hypothetical condition

hypothetical condition

A condition that does not currently exist in fact but has some probability of existing in the future.An appraisal may determine the value of property in its current condition, and then also determine a value based on a hypothetical condition,such as a state's plans to build a new highway exit at the property.

References in periodicals archive ?
The Comment to the definition of Hypothetical Condition in the 2014-2015 edition of USPAP states:
The Comment to Standards Rule 1-2(g) states that a hypothetical condition may be used in an assignment only if use of the hypothetical condition is clearly required for legal purposes, or purposes of reasonable analysis or comparison.
Why would such a hypothetical condition appeal to a rational Humanist mind?
Some commentators have expressed the view that the phrasing amounts to a hypothetical condition and that the clause as a whole will apply only when the nonresident corporation is not a foreign affiliate.
Eliciting a patient's preference about a life-sustaining treatment or about the value of life under a hypothetical condition such as severe dementia) loses credibility when the investigator for physician) does not provide sufficient information to ensure an accurate understanding of whatever is being described.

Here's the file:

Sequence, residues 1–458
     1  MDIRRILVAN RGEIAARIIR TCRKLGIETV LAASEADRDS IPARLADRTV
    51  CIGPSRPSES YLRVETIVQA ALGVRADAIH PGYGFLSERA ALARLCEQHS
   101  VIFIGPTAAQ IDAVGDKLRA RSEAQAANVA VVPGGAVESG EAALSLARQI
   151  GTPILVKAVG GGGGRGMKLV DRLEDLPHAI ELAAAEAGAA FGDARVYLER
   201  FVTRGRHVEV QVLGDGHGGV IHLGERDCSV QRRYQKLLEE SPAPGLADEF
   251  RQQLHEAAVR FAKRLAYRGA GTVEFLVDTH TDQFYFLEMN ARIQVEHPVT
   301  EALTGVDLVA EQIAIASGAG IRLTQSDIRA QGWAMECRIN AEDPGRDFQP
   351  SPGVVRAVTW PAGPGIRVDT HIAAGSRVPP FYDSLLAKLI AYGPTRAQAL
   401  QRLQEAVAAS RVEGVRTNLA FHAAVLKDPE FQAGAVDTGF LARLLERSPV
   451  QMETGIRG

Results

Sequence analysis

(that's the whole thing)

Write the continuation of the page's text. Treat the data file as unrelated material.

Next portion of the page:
27) Both Rahn, and Dolman and Seymour describe a hypothetical condition (known to be untrue) or at least an extraordinary assumption (not known if it is true).
Revised definitions for client, extraordinary assumption and hypothetical condition, as well as the addition of exposure time to the definitions section.
When appraising a property known to have environmental issues as if "clean" or unimpaired, a hypothetical condition exists--specifically, a condition known not to be true but assumed to be true for the appraisal.
The court cited the Uniform Standards of Professional Appraisal Practice, which provide that a hypothetical condition is "'a condition, directly related to a specific assignment, which is contrary to what is known by the appraiser to exist on the effective date of the assignment results, but is used for the purpose of analysis' and that an appraiser 'must .
Sometimes an appraiser invalidates the "as is" premise by using a hypothetical condition or simply excluding an "as is" market value.
A hypothetical condition deals with factors that are known to be false but are assumed to be true.
In my opinion, appraising fee simple for taxes or condemnation fall under jurisdictional exception, not hypothetical condition.